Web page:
Silicon Valley keeps playing the D.C. game. Tech and telecom giants including Google and Facebook spent millions on political lobbying in the three-month period from July to September, according to data released Tuesday.
Google spent nearly $4 million on its efforts to win favor with lawmakers, up 17 percent over the same period last year (but down from roughly $5.3 million last quarter). Among major tech-related companies only Comcast spent more last quarter. The cable giant, of course, is trying to win approval for its $45 billion mega merger with Time Warner Cable.
Over the first nine months of 2014, though, Google has spent $13 million on lobbying, more than any other tech company. Comcast, by comparison, has spent about $11.8 million, AT&T has doled out roughly $11 million, and Facebook has spent $7.35 million.
Google’s ramped up spending over the last quarter relative to the same period in 2013 makes it a bit of an outlier in the tech sector. Nine of the 15 tech companies monitored by Consumer Watchdog, an advocacy group, dialed back their lobbying spending last quarter compared to the third quarter of 2013. Facebook was among the six that increased their lobbying efforts, upping third-quarter spending 70 percent, from $1.44 million last year to $2.45 million this year. Amazon’s lobbying bill, at $1.18 million, reached seven figures in a quarter for just the second time, as the retailer upped third-quarter lobbying by 51 percent over 2013.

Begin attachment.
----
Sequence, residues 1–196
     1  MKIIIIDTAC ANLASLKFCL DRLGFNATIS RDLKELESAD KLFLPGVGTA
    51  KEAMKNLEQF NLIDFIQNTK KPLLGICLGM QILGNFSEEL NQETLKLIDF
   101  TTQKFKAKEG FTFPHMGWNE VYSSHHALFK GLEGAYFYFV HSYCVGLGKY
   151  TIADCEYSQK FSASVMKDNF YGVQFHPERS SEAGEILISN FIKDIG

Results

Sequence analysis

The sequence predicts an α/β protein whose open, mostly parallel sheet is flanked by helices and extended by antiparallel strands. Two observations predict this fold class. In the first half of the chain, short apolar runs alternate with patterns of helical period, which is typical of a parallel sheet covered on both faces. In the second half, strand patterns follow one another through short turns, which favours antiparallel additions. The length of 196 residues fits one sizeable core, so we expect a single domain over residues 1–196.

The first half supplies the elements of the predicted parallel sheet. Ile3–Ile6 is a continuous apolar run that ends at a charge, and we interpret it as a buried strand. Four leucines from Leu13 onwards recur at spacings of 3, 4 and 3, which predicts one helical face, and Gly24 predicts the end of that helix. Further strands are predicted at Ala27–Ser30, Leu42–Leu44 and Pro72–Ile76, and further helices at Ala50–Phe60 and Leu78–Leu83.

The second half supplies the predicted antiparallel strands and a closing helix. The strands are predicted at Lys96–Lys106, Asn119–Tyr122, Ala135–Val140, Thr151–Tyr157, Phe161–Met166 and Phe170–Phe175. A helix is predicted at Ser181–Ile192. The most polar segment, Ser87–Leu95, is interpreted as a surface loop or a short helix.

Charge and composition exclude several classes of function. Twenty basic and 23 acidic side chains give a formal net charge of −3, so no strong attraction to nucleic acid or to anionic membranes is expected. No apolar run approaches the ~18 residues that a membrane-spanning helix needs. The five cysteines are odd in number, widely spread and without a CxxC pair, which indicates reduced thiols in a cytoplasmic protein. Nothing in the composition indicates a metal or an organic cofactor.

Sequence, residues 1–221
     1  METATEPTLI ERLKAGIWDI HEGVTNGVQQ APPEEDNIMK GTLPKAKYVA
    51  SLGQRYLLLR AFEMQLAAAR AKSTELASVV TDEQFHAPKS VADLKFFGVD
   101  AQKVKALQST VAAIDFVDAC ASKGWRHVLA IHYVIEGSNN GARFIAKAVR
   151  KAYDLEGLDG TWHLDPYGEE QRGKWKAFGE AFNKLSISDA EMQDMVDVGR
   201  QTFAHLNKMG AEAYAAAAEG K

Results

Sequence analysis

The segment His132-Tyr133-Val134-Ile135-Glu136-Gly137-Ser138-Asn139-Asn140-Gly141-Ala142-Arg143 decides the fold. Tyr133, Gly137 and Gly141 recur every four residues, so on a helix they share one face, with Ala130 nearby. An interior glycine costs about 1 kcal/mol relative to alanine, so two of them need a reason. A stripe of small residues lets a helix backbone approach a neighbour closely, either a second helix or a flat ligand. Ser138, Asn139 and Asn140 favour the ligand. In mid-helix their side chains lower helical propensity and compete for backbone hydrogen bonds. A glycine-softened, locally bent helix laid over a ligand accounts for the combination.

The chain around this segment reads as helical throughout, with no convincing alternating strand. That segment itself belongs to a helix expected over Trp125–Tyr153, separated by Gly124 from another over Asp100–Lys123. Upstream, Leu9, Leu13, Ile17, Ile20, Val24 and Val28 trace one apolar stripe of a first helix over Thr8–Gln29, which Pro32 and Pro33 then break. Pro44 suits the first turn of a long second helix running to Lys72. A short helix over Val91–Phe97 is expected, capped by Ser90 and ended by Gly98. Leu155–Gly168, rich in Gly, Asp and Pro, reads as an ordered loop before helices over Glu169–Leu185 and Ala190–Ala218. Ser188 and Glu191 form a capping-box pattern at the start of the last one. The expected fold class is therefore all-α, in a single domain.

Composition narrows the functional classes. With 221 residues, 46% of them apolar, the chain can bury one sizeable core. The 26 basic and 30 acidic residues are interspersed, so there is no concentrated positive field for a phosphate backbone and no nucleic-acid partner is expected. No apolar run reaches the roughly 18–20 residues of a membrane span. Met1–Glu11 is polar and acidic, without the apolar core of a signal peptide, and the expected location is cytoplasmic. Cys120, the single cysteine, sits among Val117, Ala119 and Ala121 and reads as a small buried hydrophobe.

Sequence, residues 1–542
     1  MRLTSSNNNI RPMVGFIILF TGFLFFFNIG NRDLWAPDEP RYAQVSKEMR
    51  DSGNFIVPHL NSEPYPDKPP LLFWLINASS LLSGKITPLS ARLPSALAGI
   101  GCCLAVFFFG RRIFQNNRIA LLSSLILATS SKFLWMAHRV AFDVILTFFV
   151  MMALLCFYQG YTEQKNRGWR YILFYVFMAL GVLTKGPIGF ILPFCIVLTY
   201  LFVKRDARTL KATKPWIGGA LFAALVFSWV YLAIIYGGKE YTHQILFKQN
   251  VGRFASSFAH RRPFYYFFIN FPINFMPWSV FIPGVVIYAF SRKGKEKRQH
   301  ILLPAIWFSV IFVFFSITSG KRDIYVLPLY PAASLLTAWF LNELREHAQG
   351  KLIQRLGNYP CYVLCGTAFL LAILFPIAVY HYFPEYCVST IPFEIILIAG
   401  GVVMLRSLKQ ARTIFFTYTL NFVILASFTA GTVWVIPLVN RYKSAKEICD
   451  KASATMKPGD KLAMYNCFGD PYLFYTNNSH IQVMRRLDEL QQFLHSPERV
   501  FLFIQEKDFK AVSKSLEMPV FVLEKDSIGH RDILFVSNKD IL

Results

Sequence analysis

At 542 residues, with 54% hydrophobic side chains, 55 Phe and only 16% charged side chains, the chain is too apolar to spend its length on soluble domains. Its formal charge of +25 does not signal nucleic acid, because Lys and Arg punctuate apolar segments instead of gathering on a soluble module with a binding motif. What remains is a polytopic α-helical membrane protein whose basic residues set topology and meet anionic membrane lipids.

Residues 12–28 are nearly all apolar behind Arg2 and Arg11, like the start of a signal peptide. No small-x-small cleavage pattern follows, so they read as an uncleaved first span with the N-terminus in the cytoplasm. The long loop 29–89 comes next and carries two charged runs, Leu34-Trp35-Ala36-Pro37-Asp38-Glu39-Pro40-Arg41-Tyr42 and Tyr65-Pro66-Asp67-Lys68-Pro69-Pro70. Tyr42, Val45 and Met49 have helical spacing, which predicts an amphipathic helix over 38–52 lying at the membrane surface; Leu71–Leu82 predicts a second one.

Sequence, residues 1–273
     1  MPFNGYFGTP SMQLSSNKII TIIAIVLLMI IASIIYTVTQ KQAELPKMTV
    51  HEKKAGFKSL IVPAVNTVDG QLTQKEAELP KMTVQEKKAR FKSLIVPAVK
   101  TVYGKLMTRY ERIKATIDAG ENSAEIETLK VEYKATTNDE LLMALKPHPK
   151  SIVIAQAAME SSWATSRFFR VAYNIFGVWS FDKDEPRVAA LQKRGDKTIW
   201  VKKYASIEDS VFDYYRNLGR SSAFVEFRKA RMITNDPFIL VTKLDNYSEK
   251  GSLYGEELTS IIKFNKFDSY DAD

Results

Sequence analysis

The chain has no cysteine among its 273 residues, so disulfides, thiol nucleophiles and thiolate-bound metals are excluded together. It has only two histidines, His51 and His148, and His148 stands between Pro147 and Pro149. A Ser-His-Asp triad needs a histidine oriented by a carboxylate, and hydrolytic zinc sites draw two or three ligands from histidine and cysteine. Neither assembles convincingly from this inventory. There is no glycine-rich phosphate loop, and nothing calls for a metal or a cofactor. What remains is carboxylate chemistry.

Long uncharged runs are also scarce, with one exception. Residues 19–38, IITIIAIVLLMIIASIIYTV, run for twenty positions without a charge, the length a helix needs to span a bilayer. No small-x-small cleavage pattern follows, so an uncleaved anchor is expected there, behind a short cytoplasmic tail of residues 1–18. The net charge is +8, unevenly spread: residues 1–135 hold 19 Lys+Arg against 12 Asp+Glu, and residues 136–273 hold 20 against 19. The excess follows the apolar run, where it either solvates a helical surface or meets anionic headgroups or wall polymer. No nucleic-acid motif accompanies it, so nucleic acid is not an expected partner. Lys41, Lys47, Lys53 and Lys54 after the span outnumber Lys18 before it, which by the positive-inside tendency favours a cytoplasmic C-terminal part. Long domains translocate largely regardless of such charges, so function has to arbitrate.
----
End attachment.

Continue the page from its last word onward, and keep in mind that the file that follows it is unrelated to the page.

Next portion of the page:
What are the tech giants buying with that money? “Businesses don’t spend big bucks unless they think that they’re going to get something for it,” says John M. Simpson of Consumer Watchdog “Sometimes it’s as much about what isn’t being passed as what is being passed.”
Google’s most recent filing indicates it has lobbied politicians on a host of issues, from cybersecurity and privacy issues to intellectual property enforcement and patent law. It has also lobbied lawmakers on trade agreements like the Trans-Pacific Partnership, international tax reform, immigration policies, wind power, health IT and data policies, and “unmanned aerial vehicle technology,” or drones.